Churchill and Stalin, Comrades-in-Arms During The Second World War

The definitive documentary on the relationship of Churchill and Stalin during WWII, produced by a team of three co-authors combining their specialist skills. The alliance between the Soviets and the Western Allies was a case of ‘my enemy’s enemy’. – Highly Recommended.

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NAME: Churchill and Stalin, Comrades-in-Arms During The Second World War
FILE: R3091
AUTHOR: Martin Folly, Geoffrey Roberts, Oleg Rzheshevsky
PUBLISHER: Pen & Sword
BINDING: hard back
PRICE: £25.00                                                               
GENRE: Non Fiction
SUBJECT: World War II, WWII, World War Two, World War 2, Second World War, 
Eastern Front, Second Front, Arctic convoys, communism, Stalin, Soviet purges, Red 
Army, equipment loans, political tensions, Churchill, bombing campaign, invasion of 
Italy

ISBN: 1-781590-049-4

PAGES: 325
IMAGE: B3091.jpg
BUYNOW: tinyurl.com/ucyydxl

DESCRIPTION: The definitive documentary on the relationship of Churchill and 
Stalin during WWII, produced by a team of three co-authors combining their 
specialist skills. The alliance between the Soviets and the Western Allies was a 
case of 'my enemy's enemy'. – Highly Recommended.

The Second World War was only possible through the 'non-aggression' pact between 
the German Nazi Government and the Soviets. The two regimes were in many 
respects similar totalitarian States. Of Hitler and Stalin there is little difference in their 
disregard of humanity, save the Soviet killing total was even worse than that achieved 
by the Germans. We now know that the Soviets murdered more than 20 million people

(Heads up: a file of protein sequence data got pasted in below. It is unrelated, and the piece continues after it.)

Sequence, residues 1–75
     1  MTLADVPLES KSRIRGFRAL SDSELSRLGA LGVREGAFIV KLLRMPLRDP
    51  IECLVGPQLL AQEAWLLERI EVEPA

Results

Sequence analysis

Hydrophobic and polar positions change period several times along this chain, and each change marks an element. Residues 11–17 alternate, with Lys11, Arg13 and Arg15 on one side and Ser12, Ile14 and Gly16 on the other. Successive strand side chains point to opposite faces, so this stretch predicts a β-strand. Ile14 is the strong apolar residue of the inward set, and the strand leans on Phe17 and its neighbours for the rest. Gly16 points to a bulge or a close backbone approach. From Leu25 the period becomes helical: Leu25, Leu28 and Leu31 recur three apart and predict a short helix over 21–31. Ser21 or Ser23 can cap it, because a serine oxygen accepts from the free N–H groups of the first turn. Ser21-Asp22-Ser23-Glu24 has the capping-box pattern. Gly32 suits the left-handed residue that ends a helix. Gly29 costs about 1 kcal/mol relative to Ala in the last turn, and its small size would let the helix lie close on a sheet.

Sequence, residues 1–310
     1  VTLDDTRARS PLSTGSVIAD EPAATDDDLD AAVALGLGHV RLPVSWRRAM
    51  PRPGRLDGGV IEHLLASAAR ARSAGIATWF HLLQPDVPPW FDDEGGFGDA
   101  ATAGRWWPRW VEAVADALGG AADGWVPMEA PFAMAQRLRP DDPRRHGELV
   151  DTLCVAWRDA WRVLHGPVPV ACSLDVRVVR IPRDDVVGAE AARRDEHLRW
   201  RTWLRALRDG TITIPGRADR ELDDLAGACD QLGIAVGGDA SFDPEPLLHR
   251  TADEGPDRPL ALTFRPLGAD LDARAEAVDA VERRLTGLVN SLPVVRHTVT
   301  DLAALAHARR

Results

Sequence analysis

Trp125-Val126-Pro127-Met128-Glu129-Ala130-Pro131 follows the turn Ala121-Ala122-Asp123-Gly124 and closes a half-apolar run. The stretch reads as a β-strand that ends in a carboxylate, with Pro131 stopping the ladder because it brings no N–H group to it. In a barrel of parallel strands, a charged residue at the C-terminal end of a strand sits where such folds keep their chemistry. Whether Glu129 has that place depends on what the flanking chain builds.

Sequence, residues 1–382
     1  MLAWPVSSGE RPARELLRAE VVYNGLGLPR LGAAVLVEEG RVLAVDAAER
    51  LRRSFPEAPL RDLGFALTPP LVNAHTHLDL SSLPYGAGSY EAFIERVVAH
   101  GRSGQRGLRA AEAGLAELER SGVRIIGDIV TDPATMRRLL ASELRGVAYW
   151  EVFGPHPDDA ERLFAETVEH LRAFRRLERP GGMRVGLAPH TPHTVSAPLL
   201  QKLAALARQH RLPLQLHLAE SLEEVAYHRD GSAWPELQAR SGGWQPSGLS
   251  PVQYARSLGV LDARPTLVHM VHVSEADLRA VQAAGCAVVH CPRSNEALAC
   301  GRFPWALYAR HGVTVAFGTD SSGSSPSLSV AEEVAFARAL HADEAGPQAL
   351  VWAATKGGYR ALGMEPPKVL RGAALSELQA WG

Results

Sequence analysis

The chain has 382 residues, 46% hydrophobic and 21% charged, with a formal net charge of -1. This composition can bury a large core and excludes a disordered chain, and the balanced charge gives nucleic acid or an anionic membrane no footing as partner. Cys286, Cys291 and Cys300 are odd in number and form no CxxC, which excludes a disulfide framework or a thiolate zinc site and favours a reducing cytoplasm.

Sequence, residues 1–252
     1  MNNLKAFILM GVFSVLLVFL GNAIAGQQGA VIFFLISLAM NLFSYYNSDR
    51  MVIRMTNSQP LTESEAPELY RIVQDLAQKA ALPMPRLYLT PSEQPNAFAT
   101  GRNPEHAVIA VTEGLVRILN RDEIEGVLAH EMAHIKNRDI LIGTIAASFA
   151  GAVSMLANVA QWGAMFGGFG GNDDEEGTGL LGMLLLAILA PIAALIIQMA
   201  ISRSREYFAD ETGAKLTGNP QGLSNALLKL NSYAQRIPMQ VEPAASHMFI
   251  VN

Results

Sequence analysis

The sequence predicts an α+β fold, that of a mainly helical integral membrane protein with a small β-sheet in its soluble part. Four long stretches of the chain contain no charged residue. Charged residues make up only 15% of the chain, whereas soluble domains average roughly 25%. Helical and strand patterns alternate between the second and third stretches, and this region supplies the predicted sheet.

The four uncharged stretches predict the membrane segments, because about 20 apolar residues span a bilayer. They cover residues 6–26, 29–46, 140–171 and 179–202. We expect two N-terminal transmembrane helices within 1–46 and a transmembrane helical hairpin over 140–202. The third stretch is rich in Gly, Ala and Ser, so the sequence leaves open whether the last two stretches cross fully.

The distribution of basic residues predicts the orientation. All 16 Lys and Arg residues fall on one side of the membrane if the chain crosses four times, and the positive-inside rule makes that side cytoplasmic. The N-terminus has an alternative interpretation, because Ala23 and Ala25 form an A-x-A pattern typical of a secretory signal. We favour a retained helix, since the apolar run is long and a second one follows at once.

and attempted to destroy the Polish Officer Corps by mass murder of all those Polish 
officers, who had fallen into their hands, when the Red Army invaded Eastern Poland 
under their agreement with Hitler to divide up Poland. It is easy to understand the 
attraction of a pact for Stalin and Hitler, neither of them intending to continue beyond 
the point where they thought they could destroy to the other.

The alliance of Churchill and Stalin was much more complex. They both saw each 
other as a natural ally for survival. Stalin deeply distrusted the British, to the point 
where their warning to him of imminent German invasion of the Soviet Union made 
Stalin consider it misinformation. Churchill was under no illusions about the 
communist regime but he was a historian, journalist, orator, pragmatist, war leader 
and politician. Churchill believed that he could do business with Stalin provided that 
he was always on his guard against Stalin's objectives diverging.

The authors have been able to include previously untranslated documents from 
Russian archives to compare with archives available from British and American 
responses. This has provided an impressive and absorbing composite of military and 
political history, documentary analysis and biography, in perspective with all the other 
critical wartime personalities. This documentary is supported by a fine selection of 
images in a photo-plate section.